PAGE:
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Alberta MP Tom Kmiec and his wife Evangeline hold their daughter Lucy-Rose who died 39 days after she was born. Mkiec has proposed legislation to provide bereavement leave for parents.

HO-Facebook, Tom Kmiec/The Canadian Press

For Conservative MP Tom Kmiec, his bill to give parents more time off after the death of a child is personal.

Three years ago, Mr. Kmiec lost his newborn daughter Lucy-Rose after 39 days, and was flooded with stories of parents who had lost children, including from one of his neighbours in Calgary.

Some had to return to work after only a day or two off, he says, noting that’s not enough time for some grieving parents.

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Federal labour rules provide five days of job-protected bereavement leave, with three of those days paid, the other two unpaid.

Mr. Kmiec wants that expanded to at least eight weeks as part of a bill he recently introduced in the House of Commons, although he says he’s open to shaving that in half if it means addressing what he sees as a hole in the social safety net.

Alberta MP posts touching tribute after newborn daughter’s death

The number of people who would be affected would be small: Statistics Canada data show that in 2019 there were 3,191 stillbirths and 1,634 deaths of children less than a year old, the latter figure being more than 2½ times the combined number of deaths for children one to 14 years old.

The numbers, he says, don’t tell the full story of the impact the additional leave may have.

“It’s really the unnatural order of things to lose a child. That’s where it really has a big impact on people,” Mr. Kmiec said in an interview, his children in the background doing virtual schooling.

“Hopefully we’ll recognize that a person is more than the amount of labour that they produce in a day, that they’re human beings that should be looked after just the same way we look after machines.”

The proposed tweak to the Canada Labour Code would apply only to federally regulated workers, a body of slightly less than one million people who make up about 6 per cent of the national labour force, employees of banks, telecommunication companies, Crown corporations and airlines, among other firms.

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Often, changes to the Canada Labour Code become replicated in provincial labour rules.

Mr. Kmiec’s bill would provide the extended leave to parents who have experienced a stillbirth, the death of a child younger than 18 or the death of a child with disabilities being cared for by parents, which would include adult children with disabilities.

“Anyone who has ever been a parent certainly understands that agony, the grief that someone would go through, and I think they’re hard pressed to find anyone who doesn’t understand that there probably is some sort of need,” said Conservative MP Blake Richards, whose motion three years ago launched a parliamentary study of the issue.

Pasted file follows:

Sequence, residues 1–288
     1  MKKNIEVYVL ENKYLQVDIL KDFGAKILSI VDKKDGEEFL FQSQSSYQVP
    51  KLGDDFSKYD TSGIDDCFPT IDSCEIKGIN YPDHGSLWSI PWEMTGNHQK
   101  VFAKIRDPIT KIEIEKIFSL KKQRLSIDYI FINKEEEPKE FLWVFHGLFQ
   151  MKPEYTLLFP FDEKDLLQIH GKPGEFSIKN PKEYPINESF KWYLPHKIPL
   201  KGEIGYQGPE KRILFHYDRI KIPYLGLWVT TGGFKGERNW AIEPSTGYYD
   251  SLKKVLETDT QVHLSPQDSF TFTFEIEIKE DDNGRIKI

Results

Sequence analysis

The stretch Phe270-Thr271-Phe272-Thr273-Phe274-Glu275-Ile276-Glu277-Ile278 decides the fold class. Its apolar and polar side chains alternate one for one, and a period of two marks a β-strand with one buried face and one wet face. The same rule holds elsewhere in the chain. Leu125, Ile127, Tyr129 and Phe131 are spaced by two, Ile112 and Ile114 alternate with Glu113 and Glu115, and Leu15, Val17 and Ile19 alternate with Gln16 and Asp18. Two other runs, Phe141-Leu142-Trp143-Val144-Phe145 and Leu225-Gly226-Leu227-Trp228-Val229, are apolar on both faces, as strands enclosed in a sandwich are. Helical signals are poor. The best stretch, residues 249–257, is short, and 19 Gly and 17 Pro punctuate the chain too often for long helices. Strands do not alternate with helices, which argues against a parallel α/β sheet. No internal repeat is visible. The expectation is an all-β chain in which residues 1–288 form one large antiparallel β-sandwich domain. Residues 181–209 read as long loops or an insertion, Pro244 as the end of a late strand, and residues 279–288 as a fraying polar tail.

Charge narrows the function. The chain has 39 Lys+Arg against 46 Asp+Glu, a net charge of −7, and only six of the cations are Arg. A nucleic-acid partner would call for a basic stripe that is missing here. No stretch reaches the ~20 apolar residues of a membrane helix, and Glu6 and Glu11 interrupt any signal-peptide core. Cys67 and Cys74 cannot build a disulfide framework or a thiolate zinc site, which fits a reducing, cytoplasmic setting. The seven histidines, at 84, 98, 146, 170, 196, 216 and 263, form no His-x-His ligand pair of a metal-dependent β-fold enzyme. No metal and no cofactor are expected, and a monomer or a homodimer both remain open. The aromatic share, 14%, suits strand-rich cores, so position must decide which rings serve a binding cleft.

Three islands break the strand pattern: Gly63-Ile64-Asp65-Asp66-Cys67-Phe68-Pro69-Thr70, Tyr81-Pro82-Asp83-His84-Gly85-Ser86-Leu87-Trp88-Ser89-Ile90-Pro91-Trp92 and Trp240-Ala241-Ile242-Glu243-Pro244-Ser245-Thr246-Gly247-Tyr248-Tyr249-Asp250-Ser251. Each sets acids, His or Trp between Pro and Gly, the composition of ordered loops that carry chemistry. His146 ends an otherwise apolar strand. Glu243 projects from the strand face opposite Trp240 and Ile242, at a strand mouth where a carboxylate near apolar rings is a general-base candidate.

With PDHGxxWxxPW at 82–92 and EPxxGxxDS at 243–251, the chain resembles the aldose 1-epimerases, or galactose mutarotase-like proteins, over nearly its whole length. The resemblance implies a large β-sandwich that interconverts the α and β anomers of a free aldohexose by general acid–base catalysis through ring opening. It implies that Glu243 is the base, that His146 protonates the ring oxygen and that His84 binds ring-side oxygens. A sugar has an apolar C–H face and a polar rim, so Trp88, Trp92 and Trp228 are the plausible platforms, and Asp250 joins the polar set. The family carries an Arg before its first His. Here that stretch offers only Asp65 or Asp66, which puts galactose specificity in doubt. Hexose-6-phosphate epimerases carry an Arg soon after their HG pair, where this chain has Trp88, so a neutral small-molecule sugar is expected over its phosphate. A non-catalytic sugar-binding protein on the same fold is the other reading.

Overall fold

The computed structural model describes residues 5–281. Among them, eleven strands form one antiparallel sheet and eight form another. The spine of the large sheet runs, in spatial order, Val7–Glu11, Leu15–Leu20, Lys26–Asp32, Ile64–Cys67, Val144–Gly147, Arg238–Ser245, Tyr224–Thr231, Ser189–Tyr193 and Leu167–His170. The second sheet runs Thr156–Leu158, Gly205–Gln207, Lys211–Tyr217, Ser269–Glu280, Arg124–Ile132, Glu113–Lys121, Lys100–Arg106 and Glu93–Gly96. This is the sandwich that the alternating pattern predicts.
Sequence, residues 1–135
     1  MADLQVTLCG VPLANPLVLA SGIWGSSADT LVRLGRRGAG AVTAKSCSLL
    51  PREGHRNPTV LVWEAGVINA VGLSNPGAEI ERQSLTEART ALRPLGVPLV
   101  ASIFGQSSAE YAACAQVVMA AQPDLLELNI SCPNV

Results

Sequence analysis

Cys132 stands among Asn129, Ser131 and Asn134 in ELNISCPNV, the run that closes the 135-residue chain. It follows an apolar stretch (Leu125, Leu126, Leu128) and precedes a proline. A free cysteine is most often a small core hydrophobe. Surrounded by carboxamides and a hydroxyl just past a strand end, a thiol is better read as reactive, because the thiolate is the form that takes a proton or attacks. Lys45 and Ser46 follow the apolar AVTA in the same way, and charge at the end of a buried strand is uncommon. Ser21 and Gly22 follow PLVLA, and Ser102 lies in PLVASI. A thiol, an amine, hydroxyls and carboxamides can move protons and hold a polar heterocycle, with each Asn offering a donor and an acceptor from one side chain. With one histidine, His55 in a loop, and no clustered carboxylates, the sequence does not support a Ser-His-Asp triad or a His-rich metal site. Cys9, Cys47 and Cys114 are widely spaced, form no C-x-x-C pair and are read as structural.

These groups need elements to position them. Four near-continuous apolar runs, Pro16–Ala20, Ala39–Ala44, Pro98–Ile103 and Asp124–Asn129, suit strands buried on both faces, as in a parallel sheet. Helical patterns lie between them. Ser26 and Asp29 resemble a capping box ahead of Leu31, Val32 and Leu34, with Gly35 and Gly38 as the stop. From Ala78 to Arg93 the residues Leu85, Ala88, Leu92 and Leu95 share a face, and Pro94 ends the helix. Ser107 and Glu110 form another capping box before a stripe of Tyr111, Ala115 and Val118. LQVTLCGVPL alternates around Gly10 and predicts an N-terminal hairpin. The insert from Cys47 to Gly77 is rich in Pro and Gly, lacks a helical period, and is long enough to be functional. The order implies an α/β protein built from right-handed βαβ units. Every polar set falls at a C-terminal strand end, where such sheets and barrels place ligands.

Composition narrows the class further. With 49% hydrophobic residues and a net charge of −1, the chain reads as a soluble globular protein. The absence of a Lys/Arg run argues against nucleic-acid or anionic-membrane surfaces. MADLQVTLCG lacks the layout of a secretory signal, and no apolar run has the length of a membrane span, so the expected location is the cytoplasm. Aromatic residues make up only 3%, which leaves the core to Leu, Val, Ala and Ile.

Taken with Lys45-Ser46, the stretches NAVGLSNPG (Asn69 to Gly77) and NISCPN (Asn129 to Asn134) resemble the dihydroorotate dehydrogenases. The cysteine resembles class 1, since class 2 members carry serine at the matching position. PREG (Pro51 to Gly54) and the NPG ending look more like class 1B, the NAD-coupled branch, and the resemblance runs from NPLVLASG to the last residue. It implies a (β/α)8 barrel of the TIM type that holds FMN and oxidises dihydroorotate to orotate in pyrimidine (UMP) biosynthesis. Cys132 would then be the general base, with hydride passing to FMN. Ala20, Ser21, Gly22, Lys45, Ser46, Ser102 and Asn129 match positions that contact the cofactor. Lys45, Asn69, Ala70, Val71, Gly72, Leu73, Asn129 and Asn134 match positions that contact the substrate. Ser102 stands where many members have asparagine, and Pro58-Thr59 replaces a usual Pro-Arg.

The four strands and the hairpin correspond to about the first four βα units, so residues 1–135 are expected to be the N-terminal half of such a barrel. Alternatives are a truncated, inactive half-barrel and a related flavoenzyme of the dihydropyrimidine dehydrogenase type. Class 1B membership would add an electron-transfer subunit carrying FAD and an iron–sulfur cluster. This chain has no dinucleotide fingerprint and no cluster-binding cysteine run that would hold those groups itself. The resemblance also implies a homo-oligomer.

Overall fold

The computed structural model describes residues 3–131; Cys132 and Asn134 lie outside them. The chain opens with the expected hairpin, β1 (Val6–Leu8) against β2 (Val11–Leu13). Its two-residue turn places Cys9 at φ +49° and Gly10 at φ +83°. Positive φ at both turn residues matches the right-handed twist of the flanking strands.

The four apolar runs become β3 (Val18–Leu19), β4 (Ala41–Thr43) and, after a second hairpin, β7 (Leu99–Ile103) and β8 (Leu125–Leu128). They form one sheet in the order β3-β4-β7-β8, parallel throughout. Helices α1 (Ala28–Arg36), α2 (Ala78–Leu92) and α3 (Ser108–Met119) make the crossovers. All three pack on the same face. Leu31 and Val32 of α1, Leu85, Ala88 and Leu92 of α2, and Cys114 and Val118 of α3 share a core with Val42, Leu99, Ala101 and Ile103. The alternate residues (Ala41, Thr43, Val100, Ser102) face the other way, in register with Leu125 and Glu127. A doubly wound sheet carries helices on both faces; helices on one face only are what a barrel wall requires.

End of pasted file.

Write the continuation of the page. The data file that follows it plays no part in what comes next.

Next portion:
The 2018 committee report recommended the government look at creating up to 104 weeks of job-protected leave, and extend EI benefits for 12 to 15 weeks rather than immediately cutting off parental leave payments after the death of a newborn.

The bill is a long shot to get through the legislative process before the summer recess, and the possibility of an election this fall. If there’s an election, Mr. Kmiec said he hopes his proposal lands in campaign platforms, be it his own party’s or another.

“I don’t have a trademark or copyright on these ideas,” he said. “Good ideas should be introduced by whatever government of the day it is.”

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A similar bill to expand bereavement leave without pay under the federal labour code is sitting in the Senate within sight of the legislative finish line after receiving cross-party backing in the House of Commons.

That bill from Conservative MP Matt Jeneroux would add five additional days to the labour code’s leave for immediate family members that would need to be taken within six weeks of any funeral, burial or memorial service.

His bill would also cover parents, Mr. Jeneroux told senators this week, though not cover miscarriages as New Zealand did in March, becoming the first country to do so.

Mr. Jeneroux argues that not providing extra leave could be even more costly to employers than the nominal costs linked to backfilling the absence.

“If they’re not feeling supported by their employer, then [individuals] will leave their employers and that’s a much, much larger impact on the employer than if they were to simply allow the initial leave,” Mr. Jeneroux told a Senate committee scrutinizing his bill.

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